By Fred Dewey
Hannah Arendt, an untimely, unassimilable figure, looms ever larger in the life of thought. Fred Dewey begins this essay published in pamphlet form by considering her assertion of “the claim on our thinking attention that all events and facts make by virtue of their existence.” It’s an attitude, I think, more common among poets and artists than among philosophers and political thinkers, who are from our point of view too quick to divide things into categories of importance and triviality, relevance and inconsequence. But Dewey’s essay is founded, not so much on this idea, as on one that follows, and which might seem more surprising to some readers of Arendt: “To think, she says, one must ‘withdraw from the world.’”
Dewey rightly wonders how this squares with Arendt’s insistence that thinking means “to consult experience and learn from reality.” (Notice that she speaks here of experience, reality, and not of their technicized, reified distillates — facts, data, etc.) The answer has to do with the way thinking does not merely accord with or register reality, but contests it, and therefore puts the thinker at odds with what appears to be common sense. But how is this “withdrawal” part of public life, of politics? It happens when we “stop and think” in the midst of common life — Socrates’ agora — and invite others to do so with us, to attend together to the “perplexities” of who and what we are and have done.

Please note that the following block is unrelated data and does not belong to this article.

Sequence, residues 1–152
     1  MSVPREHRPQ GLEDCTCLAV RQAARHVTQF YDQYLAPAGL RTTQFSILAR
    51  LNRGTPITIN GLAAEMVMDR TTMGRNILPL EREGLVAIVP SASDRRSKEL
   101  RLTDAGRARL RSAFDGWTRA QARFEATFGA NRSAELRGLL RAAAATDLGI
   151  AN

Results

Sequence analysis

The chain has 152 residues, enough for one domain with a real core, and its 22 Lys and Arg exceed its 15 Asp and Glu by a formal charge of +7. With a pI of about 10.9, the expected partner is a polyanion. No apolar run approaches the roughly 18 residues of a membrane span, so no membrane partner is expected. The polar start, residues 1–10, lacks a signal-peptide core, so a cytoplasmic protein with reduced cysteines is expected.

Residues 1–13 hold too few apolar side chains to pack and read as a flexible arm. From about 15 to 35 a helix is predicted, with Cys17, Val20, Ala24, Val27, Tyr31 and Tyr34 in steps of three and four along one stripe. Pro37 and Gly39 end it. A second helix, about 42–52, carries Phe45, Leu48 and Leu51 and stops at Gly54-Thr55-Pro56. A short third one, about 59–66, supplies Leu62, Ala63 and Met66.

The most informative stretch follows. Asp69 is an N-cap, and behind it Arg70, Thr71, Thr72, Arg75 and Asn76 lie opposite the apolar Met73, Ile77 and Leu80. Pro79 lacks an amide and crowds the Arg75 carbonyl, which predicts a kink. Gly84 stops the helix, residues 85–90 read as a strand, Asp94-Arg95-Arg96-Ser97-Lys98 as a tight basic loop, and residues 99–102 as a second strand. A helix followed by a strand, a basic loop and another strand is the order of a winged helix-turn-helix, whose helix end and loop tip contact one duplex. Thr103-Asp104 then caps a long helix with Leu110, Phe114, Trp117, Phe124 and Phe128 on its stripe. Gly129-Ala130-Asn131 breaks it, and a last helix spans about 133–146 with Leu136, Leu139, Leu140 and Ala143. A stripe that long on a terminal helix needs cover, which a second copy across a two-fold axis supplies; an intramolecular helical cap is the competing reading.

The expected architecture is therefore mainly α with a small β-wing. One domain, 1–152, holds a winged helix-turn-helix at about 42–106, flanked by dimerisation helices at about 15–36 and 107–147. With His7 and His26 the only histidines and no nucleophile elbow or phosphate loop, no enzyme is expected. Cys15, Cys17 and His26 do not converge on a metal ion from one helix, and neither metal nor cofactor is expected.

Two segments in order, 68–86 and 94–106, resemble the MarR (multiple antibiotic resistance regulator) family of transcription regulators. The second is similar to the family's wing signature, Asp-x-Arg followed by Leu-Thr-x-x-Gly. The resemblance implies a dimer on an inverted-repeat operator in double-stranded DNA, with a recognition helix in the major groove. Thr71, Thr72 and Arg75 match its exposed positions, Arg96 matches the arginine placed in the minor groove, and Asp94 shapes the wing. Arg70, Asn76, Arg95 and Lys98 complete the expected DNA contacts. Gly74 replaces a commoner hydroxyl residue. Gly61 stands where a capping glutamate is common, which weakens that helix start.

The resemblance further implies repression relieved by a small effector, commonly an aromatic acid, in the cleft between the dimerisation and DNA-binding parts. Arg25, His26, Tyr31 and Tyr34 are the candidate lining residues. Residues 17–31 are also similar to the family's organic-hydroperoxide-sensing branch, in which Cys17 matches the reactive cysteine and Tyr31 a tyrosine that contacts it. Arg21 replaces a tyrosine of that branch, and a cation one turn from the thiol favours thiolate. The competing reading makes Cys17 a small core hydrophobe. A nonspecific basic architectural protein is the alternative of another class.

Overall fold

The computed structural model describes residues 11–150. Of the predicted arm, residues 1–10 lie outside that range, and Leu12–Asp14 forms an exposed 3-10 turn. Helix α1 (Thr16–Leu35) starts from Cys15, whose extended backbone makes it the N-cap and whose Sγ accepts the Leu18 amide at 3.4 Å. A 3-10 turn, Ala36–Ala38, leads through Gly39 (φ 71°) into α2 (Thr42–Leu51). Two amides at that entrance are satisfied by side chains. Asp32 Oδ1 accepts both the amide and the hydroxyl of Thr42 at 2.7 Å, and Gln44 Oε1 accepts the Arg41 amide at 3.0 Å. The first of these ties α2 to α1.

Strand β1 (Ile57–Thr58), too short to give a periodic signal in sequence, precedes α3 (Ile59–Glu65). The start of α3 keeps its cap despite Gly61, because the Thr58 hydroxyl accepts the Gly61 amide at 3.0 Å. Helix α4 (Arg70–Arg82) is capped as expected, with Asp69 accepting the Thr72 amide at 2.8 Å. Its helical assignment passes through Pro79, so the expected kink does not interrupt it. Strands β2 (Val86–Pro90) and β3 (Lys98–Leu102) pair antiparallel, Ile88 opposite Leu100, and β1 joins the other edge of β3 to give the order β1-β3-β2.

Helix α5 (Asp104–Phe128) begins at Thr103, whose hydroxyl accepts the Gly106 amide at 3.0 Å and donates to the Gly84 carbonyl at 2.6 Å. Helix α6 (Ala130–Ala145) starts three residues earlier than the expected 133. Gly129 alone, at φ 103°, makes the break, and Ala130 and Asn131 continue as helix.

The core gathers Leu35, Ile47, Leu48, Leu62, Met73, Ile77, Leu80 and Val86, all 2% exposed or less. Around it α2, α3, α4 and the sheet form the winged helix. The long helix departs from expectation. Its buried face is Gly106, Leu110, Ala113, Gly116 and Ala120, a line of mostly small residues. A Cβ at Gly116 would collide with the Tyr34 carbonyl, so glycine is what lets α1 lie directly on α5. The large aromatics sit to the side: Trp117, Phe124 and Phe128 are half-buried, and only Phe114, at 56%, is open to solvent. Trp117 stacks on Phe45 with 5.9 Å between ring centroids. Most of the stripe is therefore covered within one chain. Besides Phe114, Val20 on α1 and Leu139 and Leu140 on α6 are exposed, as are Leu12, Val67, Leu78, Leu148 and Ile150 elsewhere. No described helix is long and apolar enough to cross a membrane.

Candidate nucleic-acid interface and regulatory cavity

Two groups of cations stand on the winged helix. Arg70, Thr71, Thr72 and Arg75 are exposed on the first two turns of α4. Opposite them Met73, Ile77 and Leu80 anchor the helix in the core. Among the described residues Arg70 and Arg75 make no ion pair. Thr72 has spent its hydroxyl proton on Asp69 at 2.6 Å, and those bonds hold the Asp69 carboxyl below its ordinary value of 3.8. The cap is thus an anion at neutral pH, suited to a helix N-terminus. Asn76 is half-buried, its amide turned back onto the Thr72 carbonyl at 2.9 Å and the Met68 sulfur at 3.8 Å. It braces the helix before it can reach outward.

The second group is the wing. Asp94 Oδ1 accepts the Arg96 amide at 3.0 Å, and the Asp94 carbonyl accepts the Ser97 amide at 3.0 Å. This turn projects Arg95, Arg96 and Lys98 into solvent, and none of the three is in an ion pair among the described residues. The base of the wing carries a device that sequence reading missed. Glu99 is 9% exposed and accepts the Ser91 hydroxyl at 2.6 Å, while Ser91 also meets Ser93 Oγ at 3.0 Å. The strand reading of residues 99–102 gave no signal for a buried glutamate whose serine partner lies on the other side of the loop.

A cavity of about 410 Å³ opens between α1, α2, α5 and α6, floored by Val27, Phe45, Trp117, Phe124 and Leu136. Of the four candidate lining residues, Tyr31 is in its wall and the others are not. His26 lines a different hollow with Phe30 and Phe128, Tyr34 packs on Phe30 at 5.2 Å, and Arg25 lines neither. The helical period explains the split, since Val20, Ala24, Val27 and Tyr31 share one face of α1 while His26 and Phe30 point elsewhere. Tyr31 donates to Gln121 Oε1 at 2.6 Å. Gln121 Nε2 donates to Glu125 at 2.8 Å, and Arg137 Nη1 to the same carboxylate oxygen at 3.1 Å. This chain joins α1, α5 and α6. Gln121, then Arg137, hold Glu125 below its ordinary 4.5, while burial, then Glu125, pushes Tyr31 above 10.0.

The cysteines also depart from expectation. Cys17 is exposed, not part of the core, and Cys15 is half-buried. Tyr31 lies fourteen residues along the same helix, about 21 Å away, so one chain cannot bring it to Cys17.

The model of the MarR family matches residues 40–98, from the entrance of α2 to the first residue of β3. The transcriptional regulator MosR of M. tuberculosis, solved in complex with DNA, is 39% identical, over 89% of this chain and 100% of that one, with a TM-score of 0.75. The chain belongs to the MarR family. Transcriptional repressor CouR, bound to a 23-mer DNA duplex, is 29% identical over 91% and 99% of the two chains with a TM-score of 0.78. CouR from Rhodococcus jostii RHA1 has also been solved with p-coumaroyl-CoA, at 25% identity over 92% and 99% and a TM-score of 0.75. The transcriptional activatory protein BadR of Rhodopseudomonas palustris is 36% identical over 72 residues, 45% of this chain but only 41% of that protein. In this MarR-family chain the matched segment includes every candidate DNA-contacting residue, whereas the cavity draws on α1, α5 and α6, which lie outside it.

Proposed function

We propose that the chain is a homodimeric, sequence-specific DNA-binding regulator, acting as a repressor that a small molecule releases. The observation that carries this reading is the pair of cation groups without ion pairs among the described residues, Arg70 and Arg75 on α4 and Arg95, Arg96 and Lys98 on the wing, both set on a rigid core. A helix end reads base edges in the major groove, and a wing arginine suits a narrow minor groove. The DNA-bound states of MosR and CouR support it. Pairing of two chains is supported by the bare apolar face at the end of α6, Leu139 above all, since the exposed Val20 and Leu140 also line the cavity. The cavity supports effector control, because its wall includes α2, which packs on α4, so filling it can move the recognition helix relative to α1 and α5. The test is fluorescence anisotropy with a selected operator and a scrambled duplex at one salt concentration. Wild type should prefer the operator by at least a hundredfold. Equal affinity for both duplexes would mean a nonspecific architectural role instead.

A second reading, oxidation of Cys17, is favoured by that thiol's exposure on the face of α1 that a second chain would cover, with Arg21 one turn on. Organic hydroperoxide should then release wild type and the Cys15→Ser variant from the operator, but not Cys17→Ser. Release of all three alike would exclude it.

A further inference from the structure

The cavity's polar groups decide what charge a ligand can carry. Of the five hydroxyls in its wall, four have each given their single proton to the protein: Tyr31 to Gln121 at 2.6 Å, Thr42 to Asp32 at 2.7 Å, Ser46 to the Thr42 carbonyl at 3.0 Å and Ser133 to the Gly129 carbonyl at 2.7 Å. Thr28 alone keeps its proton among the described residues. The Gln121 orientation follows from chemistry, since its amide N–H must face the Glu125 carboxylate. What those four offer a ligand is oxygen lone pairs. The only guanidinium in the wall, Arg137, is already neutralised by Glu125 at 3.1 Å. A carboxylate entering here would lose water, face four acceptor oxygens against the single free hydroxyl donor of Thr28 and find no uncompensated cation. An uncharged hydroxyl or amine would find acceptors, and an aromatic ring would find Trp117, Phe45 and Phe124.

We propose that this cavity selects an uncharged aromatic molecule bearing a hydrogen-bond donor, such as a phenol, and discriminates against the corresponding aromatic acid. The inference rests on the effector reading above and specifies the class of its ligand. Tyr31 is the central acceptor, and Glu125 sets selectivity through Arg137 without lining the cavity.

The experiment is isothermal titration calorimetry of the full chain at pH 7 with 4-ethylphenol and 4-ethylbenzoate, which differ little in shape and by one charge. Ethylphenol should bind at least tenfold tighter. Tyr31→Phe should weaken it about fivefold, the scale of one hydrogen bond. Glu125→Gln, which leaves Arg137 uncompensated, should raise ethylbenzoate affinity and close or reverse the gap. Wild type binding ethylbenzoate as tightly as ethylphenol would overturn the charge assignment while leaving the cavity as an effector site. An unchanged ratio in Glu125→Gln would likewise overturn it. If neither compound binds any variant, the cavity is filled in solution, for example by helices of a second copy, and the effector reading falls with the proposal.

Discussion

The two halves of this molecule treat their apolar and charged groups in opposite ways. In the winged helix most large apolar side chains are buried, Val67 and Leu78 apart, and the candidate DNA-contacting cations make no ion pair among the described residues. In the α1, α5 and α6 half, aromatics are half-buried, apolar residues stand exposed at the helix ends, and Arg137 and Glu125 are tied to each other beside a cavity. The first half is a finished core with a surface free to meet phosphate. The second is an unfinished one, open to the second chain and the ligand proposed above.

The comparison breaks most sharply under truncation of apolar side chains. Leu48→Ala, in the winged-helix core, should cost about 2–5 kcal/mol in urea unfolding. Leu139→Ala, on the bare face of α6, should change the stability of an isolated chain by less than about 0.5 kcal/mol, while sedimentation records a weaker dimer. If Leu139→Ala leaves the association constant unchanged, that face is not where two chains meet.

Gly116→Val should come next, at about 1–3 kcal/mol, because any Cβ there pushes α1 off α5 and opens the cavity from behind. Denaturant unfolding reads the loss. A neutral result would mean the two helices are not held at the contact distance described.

Since the late 1990s, Dewey has conducted a series of collective public readings/discussions (in Los Angeles, Berlin, and elsewhere) of Arendt and other writers in the hope that through a collective attention to their details, “politics and thinking might be able to meet.”
- Self-published (9/1/16)